How to Land an Internship in Business Administration

When you enter the workforce, many employers will want to see that you’ve done more than participate in classes. They want to know that you’re able to apply what you’ve learned in real-life scenarios.

Internships can give you an opportunity for business administration students to work alongside professionals to see how course concepts are applied in organizations.

Obtaining an internship requires time and effort. And participating in an internship may be as challenging as taking another course. But don’t be dissuaded! There are many rewards for your hard work:

  • You’ll reinforce what you’ve learned in your classes.
  • Your resume will stand out from other applicants.
  • You can network with professionals in the field.
  • The organization can be a source of referrals when you’re looking for work.
  • You may earn some money. (Some internships are paid.)
  • You can potentially earn college credit for your internship.
  • In some cases, an internship may lead to a full-time job.

U.S. News & World Report describes another advantage of internships: They can help you decide if your chosen field is one you want to pursue. “It’s best to know as early as possible, and an internship can help you do that,” author Heather R. Huhman writes.

What to Expect from an Internship

The best internships will expose you to both the day-to-day operations and long-term strategy of an organization. You should not expect to make business decisions or sit in on board meetings. But you should definitely be doing more than getting coffee and making copies — the work should be challenging, not menial.

Here are some of the areas you might pursue for your internship:

  • Marketing
  • Finance
  • Accounting
  • Economics
  • Sales

During your internship, you may be asked to help out with reporting, social media, meetings, public events, bookkeeping or some financial analysis. You may also be able to sit in on meetings and training sessions. If there’s a task or event that interests you, just ask. Larger organizations might have a dedicated intern manager and formalized programs. Smaller companies may provide a less structured, but equally fulfilling, internship experience.

Getting Started

Begin your internship journey by talking with a trusted professor or academic advisor. If you know a professional in the field, consult him or her as well. These discussions will help you determine what kind of internship you want and need to reach your goals.

Talking over your options is important because business administration is such a broad field. Do you want to intern for a large employer or small one? Do you want to focus on a company in a particular industry, or one that provides consulting services to firms in many different industries? Do you want to concentrate on one particular business field, such as accounting, or seek opportunities that will acquaint you with a number of different disciplines?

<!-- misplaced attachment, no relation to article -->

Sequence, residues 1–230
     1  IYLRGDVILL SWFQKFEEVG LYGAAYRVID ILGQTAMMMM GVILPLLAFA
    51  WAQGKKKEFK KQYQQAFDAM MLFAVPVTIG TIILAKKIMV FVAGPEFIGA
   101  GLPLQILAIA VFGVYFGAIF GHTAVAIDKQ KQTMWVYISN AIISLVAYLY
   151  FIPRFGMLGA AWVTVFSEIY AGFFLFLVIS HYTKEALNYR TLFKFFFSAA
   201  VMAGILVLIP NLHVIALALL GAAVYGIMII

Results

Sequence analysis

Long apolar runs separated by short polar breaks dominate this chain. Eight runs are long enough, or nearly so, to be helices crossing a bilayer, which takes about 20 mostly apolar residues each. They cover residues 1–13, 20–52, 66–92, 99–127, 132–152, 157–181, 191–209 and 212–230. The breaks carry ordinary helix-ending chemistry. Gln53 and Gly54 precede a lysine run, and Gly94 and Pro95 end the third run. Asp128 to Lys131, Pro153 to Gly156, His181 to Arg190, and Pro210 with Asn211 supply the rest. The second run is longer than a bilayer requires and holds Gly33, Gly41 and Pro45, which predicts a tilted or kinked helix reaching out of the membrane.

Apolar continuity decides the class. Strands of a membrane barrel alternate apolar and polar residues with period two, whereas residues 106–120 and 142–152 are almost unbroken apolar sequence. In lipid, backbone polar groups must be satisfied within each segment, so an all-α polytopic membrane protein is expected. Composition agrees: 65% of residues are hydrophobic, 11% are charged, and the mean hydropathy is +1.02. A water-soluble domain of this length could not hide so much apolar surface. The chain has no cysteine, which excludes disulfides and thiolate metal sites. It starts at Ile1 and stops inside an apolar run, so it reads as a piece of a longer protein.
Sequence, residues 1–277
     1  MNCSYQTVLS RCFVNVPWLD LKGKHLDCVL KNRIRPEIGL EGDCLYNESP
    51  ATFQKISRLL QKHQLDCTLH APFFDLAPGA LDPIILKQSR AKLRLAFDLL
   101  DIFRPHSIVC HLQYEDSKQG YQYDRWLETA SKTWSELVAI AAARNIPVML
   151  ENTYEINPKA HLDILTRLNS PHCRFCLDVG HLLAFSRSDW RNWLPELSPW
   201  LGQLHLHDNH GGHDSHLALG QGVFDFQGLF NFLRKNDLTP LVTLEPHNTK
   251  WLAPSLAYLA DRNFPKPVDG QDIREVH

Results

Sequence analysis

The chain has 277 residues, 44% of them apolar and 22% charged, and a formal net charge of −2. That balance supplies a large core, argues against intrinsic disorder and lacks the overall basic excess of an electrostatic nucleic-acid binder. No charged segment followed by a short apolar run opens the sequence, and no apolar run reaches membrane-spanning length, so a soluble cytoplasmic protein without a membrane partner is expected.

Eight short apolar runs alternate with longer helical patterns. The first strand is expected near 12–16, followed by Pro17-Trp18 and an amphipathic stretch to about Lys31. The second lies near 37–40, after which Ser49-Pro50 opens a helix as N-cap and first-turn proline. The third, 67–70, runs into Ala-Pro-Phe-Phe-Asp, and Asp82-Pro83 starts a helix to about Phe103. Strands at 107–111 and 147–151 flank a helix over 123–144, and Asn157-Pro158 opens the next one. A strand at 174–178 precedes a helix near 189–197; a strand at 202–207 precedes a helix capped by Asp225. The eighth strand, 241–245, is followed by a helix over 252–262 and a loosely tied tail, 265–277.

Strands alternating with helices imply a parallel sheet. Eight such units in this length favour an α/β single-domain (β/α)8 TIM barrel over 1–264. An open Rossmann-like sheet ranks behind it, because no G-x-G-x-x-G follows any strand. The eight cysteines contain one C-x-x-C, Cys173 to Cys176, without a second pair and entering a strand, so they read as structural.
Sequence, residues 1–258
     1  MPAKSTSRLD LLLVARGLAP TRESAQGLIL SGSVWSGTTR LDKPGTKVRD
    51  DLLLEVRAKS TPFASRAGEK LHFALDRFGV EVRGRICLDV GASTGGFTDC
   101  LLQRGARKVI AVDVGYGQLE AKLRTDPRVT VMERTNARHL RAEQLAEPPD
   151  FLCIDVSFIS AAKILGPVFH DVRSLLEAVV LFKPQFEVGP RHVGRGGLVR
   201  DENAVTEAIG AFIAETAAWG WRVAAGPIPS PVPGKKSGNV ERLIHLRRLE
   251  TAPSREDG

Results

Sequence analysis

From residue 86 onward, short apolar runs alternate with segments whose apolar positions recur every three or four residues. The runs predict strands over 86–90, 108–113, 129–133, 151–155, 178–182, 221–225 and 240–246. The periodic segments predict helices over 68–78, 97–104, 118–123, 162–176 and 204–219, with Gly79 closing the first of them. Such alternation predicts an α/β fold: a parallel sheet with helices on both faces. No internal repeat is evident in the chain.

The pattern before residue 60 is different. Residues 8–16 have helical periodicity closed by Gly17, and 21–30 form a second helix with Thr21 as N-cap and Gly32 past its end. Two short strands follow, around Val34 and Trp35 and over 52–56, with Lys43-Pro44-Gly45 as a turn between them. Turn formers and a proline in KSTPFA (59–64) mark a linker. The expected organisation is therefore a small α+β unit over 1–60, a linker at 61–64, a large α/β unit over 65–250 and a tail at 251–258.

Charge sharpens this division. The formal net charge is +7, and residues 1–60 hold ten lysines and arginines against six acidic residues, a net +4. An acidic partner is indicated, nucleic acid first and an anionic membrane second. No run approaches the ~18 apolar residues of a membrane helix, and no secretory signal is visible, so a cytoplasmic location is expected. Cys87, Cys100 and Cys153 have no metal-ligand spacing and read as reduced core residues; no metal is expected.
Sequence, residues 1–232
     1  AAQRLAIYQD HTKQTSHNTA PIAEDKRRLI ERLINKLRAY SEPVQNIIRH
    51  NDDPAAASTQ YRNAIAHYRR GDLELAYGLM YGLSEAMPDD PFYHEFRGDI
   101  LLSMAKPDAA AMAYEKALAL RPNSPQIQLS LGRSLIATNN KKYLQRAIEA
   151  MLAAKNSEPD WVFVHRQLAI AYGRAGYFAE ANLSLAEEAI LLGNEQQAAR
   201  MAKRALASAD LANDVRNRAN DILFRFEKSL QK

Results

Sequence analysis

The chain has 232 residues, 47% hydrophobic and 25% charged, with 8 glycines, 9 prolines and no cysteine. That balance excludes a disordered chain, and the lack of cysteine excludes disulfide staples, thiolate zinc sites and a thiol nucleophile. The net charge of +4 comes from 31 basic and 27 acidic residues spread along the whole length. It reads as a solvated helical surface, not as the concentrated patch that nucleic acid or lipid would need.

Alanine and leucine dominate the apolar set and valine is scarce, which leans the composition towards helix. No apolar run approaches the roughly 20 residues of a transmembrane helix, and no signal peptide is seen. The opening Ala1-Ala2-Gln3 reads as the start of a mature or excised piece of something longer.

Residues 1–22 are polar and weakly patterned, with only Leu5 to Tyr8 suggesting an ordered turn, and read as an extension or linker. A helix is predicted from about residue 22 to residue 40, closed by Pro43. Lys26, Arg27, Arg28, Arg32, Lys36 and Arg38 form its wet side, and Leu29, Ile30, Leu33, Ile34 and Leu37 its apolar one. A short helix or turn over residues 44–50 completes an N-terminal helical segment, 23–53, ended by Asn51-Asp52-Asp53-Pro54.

Once you have an idea of what you want to do, it’s time to prepare a resume. If your resume is light on experience, mention your coursework and the kinds of projects you’ve completed in class. USA Today College has some tips for creating an internship-focused resume. The Balance, a personal finance and professional development website, provides a sample resume for business internships — be sure to notice the sections for relevant coursework and relevant school-related experience.

Use New England College Career Resources

When searching for an internship, you’re not alone. New England College’s Office of Career and Life Planning provides a wealth of resources for students seeking internships. There is a listing of internships available for various education paths, including business, accounting and finance. More importantly, there are guidelines and forms for students that would like to obtain college credit for their internships.

Some internship opportunities listed for NEC students are located near the campus in Henniker, New Hampshire. If you’re earning a degree online you may want to consult NEC’s College Central Network, which has an Intern Central portal, or sites like, Indeed or Monster to search for internships near you. Family and friends can also be a great source of internship leads as well.

Make the Most of Your Internship

The more you put into your internship, the more you’ll get out of it. Look for opportunities to build upon what you’ve learned in class, and remember that you’re representing not only yourself, but all NEC students. If you make a good impression, you might be able to call upon the internship sponsor for references and referrals when you’ve received your degree and you’re seeking permanent employment.

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